Yeah, my paper kind of reads like crazy talk, but if you actually read his papers that I link to, it makes much more sense. There are just far too many scientific mysteries he has been able to answer with straightforward logic and transparent math. No bending over backwards or obfuscation. I can't see how that could happen unless he was on the right track.

    Steve Jones talks about "freedom energy" in his presentation. Well that is just Mathis's charge field or b-photons. It's nothing mysterious, and it's all physical and mechanical. No virtual particles or tunneling through the vacuum, with particles magically disappearing and then reappearing in just the right place at the right time.

    Since the raw materials which worked best on 3 occasions were crushed coal and laundry-grade Sodium Carbonate

    Alan, interesting that you mention crushed coal. Are you familiar with Les Case's invention back in the 1990s? He was one of the forerunners of gas-based LENR systems, and he used 'coconut shell charcoal' as a catalyst. See here for example:

    Somewhere I remember seeing a documentary that shows his process of looking for a catalyst. Sadly one of those free energy pioneers who met an untimely death.

    I am not surprised that you have gotten excess heat results with a range of (unexpected) systems. It is definitely compatible with my hypotheses about LENR ( By the way, Steven Jones's presentation at ICCF-18 corroborates my view. See here for pdf of his presentation:

    See also another experiment of his:…trates_overunity_circuit/

    The standard theory is a mess and QM has fundamental flaws that is
    too unbelievable to not search for something else

    Andrea and Stefan,

    Here is a link to a paper where I try to apply the theories of Miles Mathis to thinking about cold fusion:

    As is, the document probably sounds like crazy talk, but I encourage you to read the original papers I link to where the theory is built up through straightforward exposition and clear reasoning.

    I think there is something here for both of you. Stefan, Miles shares your dissatisfaction with QM, arguing that it is largely a heuristic theory that uses math to describe experimental results but lacking a true mechanical explanation. He is especially good at exposing and picking apart the internal contradictions of established physics. I believe his theory can also be used to understand Mills's arguments, although I haven't tried to do that.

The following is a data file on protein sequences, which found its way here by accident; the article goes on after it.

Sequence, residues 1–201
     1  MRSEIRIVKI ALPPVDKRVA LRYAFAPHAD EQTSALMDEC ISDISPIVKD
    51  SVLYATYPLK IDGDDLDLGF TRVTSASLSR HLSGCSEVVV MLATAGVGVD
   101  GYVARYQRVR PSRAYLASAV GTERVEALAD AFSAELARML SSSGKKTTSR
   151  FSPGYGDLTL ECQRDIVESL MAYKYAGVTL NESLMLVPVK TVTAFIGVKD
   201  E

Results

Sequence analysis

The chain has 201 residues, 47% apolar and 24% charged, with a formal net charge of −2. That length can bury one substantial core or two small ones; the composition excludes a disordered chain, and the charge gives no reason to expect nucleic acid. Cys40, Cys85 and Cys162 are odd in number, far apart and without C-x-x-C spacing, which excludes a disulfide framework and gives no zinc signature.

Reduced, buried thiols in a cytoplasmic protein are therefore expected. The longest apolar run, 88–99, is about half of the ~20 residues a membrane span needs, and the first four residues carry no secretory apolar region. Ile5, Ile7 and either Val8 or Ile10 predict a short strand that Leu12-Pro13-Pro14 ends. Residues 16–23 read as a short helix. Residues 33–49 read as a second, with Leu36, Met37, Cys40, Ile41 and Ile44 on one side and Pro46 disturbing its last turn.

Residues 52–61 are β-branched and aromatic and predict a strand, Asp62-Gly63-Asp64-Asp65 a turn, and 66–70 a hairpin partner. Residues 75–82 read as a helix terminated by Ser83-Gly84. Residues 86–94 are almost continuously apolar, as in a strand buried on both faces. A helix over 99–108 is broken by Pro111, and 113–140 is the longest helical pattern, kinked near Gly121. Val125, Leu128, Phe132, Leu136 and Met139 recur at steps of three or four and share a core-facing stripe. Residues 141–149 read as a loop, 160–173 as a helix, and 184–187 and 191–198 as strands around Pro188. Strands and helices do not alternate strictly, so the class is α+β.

Andrea, your theory is very impressive, and you are to be congratulated for putting it together. I actually think your theory takes you several steps in Miles's direction (Miles, not Mills). For example, you state that nuclear binding energy is electromagnetic. This is very compatible with his theory. You'll see that I talk quite a bit here about the importance of what I call "tuning," is somewhat akin to what you call "coupling," which happens at certain frequencies. Miles's theory offers a different explanation as to why those frequencies are important and what is the mechanism, but you can see that they are both compatible with this basic part of the theory. You both talk quite a bit about spin or rotation, but in his case spin is a real physical phenomenon rather than an 'intrinsic' phenomenon that is basically a mathematical abstraction. Your statement that the electron "opens up" losing all its energy can be explained by his theory. Also, I believe your notion of the hydronion is somewhat compatible with his conceptualization of particles like protons and neutrons, though he actually argues that our estimates of the size of the proton and other nuclei is wrong:

    Also, you might be interested to know that Miles's theory explains what dark energy/matter is (and answers a whole bunch of other questions in physics), and at the end of the day one could say that all LENR reactions are basically different ways of tapping into this energy (or what he calls the charge field). One big pill to swallow with this theory is that the observed transmutation or fusion reactions of LENR are really more a byproduct of the LENR process that causes anomalous heat than the primary cause of the anomalous heat itself. Fusion is more an effect than a cause, in other words.